At this stage the Executive Budget is a proposal, not law, so we will work diligently over the next several weeks to try and ameliorate its effects on Stony Brook and SUNY. We will not be alone, as SUNY Central Administration and the other 64 campuses in the system share our concerns and will do the same. We have already heard from the SUNY Student Assembly leadership (see the message: http://bit.ly/dEZaoQ) which supports a predictable and rational tuition increase. These student leaders recognize that the cumulative reductions in the state allocation, without any tuition increase, must ultimately compromise their education. I applaud their wisdom, and their commitment to a quality education. I hope our elected officials in Albany will listen to our students and our faculty, and take the actions necessary to help us manage this extraordinary fiscal crisis.
On the hospital side we will work to educate our elected officials
and the public on the absolutely vital role Stony Brook University
Hospital and our academic medical center play in the quality of life
and economic vitality of Long Island. We need to be clear--a cut of
this magnitude will have an enormous impact on our region. Critical
programs are at risk, and unless these funds are restored, we may be
forced to lay off hundreds of skilled workers. No one disputes the
need for cost controls in health care, but the complete elimination
of State support to Stony Brook University Hospital, and the service
reductions, program eliminations, and lay-offs that must follow,
would be a severe blow to the people of Suffolk County and Long
Island. We need all of our constituencies, faculty, staff,
students, patients and families to speak out on this critical issue.
At times like this, it is often worthwhile to stop and take stock of where we are today. Stony Brook University is a strong and vibrant institution. Our core is our human capital, the outstanding students, dedicated staff, and one of the best faculties in the world, and it remains strong. Our campus is beautiful and vital, with an ever improving student experience. Our peers recognize this--Stony Brook University was named the 78th best University in the world in the Times Higher Education World Ranking, and 50th best among U.S. Universities, the only public university in New York to achieve top 50 status. In the recent National Research Council evaluation of doctoral programs, released in September 2010, thirty two of Stony Brook's Ph.D. programs were analyzed and 20 programs ranked either in the top 25 for their discipline or the top 25% for disciplines that included more than 100 programs. This is a remarkable accomplishment, as in the last NRC evaluation in 1995 only 9 programs reached this level.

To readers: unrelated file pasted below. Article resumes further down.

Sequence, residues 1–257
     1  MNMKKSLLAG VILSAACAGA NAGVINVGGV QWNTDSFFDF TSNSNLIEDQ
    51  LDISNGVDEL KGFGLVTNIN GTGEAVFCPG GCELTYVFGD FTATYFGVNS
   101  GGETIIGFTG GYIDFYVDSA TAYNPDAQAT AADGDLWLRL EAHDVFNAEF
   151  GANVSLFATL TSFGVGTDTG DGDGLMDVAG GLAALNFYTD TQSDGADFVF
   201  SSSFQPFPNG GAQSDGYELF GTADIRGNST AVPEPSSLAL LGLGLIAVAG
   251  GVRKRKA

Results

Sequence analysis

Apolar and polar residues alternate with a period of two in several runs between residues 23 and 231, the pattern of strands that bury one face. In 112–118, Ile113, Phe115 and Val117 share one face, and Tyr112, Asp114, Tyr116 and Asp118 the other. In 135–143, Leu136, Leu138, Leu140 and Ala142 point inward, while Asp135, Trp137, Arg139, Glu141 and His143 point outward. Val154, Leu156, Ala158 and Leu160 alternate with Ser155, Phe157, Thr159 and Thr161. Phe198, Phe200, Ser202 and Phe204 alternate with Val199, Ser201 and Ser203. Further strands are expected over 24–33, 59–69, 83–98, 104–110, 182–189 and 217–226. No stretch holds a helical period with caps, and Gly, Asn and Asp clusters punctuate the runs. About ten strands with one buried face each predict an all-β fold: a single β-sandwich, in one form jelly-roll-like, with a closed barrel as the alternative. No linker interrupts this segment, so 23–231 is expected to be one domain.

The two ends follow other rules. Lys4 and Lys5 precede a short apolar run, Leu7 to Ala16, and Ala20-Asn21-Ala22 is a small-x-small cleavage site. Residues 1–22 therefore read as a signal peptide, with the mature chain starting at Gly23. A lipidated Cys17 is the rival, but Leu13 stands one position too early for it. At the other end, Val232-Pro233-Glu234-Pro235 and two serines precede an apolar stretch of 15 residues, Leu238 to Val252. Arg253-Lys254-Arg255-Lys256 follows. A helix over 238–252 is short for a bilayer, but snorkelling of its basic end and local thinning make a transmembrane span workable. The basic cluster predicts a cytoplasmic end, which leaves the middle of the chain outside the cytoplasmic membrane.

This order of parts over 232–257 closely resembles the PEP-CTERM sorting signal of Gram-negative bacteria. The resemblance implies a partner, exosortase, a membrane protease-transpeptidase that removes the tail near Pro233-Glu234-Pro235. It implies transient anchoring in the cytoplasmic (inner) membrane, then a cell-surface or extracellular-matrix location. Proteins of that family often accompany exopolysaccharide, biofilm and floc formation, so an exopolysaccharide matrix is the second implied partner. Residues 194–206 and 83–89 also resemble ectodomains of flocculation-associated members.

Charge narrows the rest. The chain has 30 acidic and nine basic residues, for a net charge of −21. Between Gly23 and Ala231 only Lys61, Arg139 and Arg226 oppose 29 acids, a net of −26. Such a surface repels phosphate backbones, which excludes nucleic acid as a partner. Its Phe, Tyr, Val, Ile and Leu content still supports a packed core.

And Stony Brook University is fortunate to have an outstanding leadership team, at the Departmental, Decanal and Vice Presidential level. Our new Dean of the School of Medicine and Senior Vice President for the Health Sciences, Ken Kaushansky, has imbued the Medical Center with a new sense of purpose founded on a commitment to excellence in its three core missions, education, research, and patient care. Our hospital, under CEO Steven Strongwater, continues to make great strides in improving patient care, with outstanding state of the art technology, and innovative and award winning new programs in patient safety. And our Provost and Senior Vice President, Eric Kaler, provides strong and far-sighted leadership for our academic mission in the schools and colleges.
So when I reflect on Stony Brook, and where we stand today, I am absolutely confident in our future, and therefore, absolutely committed to maintaining our quality during these tough times. Stony Brook University has seen extraordinarily difficult economic times before, but it survived, ultimately regained its positive trajectory, and emerged better and stronger than before. This is our nature, we are still young and resilient, and with your help and advocacy, we will weather the current storm, and will emerge stronger and better than before.
Samuel L. Stanley Jr., M.D.